JRAD 8-25-2018 Lockin

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JRAD 8-25-2018 Lockin

Post by Zipster » Sat Aug 25, 2018 12:16 am

JRAD Joe Russo's Almost Dead Live at Lockin's Relix Stage in Arrington, Virginia Friday night and Saturday morning 8-24 & 25-2018 because of a little before Midnight Start Time like at 11:59 :rofl

1. Cats Down Under the Stars (Garcia/Hunter) :guitarred :dance :listen *25 minutes

2. Tell Me Mama ( Bob Dylan) *9 minutes

3. Viola Lee Blues (Noah Lewis) * 10 minutes

4. St. Stephen (Robert C. Hunter, Philip Lesh, Jerry Garcia) * 11 minutes

5. The Eleven (Hunter/Lesh) :bears2 :) * 11 minutes ** see below

6. St. Stephen Reprise (Robert C. Hunter, Philip Lesh, Jerry Garcia) * 1 minutes

7. Ophelia (Robbie Robertson) * 8 minutes

8. Band Intros (Joe Russo) * mere seconds

9. Atlantic City (Bruce Springsteen) * 9 minutes

10. China Cat Sunflower (Garcia/Hunter) :cheer: * 9 minutes

11. I Know You Rider (Traditional) :colorwave * 13 minutes

12. Feel Like a Stranger (Robert Hall Weir, John Barlow) * 8 minutes

13. Shakedown Street (Garcia/Hunter) * 9 minutes

14. King Solomon's Marbles Short Version (Lesh, Hart, Kreutzmann) * 30 seconds

and that's all folks :terrapinnation!

* all times are approximate due to altered consciousness and a basic lack of sleep

** By David Dodd

"The Eleven"
Blair Jackson once wrote a very fun piece, “The Swirl According to Carp: A Meditation on the Grateful Dead,” under the pseudonym Jack Britton, in which he characterized Grateful Dead music as “the swirl! The swirl!”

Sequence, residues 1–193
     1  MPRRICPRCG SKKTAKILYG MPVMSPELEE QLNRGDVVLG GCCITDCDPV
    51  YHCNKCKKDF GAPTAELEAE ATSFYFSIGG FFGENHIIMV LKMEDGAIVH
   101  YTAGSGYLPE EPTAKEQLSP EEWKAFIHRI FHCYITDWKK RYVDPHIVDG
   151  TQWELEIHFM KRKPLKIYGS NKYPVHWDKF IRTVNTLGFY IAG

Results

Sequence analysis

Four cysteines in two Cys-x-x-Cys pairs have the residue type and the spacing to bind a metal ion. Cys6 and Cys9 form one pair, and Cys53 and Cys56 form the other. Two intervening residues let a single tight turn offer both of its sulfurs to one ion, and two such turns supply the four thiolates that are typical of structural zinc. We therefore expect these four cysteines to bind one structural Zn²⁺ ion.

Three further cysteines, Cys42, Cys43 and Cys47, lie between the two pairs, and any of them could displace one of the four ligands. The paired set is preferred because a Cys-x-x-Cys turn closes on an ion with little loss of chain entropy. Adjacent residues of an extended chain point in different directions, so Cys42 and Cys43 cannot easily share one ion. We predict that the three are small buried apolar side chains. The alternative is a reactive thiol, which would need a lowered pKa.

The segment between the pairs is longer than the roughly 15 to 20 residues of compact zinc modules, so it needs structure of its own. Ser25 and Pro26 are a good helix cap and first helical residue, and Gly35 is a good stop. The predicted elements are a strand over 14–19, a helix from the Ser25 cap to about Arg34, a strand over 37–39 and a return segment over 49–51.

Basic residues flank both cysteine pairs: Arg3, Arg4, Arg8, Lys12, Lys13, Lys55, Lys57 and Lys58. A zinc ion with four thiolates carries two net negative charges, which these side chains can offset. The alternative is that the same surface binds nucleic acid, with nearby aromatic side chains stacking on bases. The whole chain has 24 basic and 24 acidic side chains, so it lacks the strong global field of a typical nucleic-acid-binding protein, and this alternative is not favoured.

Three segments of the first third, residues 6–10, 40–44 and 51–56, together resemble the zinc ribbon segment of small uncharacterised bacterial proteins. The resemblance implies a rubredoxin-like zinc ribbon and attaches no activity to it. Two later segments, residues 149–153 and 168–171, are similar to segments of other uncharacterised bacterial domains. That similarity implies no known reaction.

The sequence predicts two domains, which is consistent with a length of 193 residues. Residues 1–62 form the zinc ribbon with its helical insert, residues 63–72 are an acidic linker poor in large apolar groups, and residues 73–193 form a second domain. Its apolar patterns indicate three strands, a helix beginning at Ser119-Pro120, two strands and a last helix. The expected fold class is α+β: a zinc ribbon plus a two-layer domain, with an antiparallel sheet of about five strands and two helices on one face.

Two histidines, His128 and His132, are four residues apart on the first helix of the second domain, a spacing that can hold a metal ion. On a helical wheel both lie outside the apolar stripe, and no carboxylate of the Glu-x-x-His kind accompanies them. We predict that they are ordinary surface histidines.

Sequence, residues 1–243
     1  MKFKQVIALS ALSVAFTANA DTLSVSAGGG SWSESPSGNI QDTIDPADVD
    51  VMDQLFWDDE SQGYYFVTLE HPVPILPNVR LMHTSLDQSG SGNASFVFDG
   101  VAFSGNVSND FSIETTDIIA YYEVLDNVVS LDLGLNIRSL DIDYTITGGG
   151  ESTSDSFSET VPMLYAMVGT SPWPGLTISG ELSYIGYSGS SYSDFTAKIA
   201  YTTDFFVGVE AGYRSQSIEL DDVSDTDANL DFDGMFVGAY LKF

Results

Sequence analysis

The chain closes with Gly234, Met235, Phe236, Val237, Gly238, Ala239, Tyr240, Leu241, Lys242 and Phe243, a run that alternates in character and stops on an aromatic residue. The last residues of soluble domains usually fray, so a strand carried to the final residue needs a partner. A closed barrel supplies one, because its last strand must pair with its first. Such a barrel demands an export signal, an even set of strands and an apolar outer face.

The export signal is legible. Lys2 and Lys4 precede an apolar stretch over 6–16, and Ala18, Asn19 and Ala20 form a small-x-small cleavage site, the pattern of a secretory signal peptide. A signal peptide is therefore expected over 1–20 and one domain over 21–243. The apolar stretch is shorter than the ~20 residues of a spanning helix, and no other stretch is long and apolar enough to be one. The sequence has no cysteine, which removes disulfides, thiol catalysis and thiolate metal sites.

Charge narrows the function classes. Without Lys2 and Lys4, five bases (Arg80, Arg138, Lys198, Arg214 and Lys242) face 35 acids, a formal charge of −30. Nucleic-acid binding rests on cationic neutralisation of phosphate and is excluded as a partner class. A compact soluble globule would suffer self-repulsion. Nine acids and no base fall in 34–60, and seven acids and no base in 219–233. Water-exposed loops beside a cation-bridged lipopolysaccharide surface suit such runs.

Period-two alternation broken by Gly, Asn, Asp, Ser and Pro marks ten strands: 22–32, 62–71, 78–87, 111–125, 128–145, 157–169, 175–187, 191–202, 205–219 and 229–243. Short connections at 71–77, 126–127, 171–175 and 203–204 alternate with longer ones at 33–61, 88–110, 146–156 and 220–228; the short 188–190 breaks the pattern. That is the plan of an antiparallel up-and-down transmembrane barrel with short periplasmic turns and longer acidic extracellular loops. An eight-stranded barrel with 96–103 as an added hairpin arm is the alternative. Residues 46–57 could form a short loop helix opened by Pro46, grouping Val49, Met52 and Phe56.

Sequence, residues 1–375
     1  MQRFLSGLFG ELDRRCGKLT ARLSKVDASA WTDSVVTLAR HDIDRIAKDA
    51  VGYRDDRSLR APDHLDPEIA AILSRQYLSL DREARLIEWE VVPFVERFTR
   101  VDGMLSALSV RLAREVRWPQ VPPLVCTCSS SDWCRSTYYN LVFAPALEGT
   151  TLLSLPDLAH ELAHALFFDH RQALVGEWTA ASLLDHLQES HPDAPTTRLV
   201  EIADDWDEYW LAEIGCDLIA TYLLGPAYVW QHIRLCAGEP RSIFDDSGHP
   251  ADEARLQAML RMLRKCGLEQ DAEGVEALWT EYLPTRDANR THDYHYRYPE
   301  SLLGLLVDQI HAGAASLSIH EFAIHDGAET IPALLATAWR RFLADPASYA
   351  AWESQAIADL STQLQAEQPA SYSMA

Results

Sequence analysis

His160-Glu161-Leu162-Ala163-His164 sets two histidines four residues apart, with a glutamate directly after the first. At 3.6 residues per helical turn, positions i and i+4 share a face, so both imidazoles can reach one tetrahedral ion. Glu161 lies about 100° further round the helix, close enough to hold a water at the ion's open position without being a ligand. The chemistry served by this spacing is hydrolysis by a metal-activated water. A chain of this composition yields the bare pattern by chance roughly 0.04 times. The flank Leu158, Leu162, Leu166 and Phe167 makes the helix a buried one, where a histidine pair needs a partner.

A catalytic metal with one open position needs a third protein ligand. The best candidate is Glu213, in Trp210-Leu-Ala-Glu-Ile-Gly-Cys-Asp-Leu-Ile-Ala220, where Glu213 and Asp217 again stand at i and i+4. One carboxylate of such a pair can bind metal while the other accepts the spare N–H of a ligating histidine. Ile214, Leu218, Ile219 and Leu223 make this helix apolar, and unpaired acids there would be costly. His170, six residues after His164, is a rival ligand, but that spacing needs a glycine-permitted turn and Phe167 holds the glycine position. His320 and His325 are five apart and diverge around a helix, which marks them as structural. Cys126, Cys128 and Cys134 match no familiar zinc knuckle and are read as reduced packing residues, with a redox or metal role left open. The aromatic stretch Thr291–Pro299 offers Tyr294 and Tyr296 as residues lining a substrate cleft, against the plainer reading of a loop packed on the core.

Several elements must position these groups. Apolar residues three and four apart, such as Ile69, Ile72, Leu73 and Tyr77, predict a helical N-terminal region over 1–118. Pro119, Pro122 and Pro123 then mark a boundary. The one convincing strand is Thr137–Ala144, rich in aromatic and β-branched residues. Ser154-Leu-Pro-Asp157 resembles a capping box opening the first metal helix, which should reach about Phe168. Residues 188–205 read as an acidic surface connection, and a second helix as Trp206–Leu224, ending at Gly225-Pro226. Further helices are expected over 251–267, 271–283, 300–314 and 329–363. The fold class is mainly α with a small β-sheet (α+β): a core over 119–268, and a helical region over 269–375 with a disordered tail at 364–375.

“The Eleven” epitomizes that sense of the swirl better than any other single piece. The composition, credited to Phil Lesh, rushes headlong into its eleven-beat time signature, carrying us madly along as we dance to its various combinations of meter. Sometimes I hear two fours and a three, sometimes three threes and a two…sometimes, I think I really do feel The Eleven.
And that is an almost mystical state of being, when you don’t need all those intermediary anchors, but the one comes along in just the right place each time. And the other beats aren’t pretend “ones” or twos or threes or fours, but counts one through eleven.
Live/Dead, for me, was the perfect album, which I used alongside American Beauty to demonstrate the band’s range.
When I listen to that album’s version of “The Eleven,” I always hear something new in the dense instrumentation. I can pay attention in a focused way to any one instrument, or to the interplay, or let it all wash over me.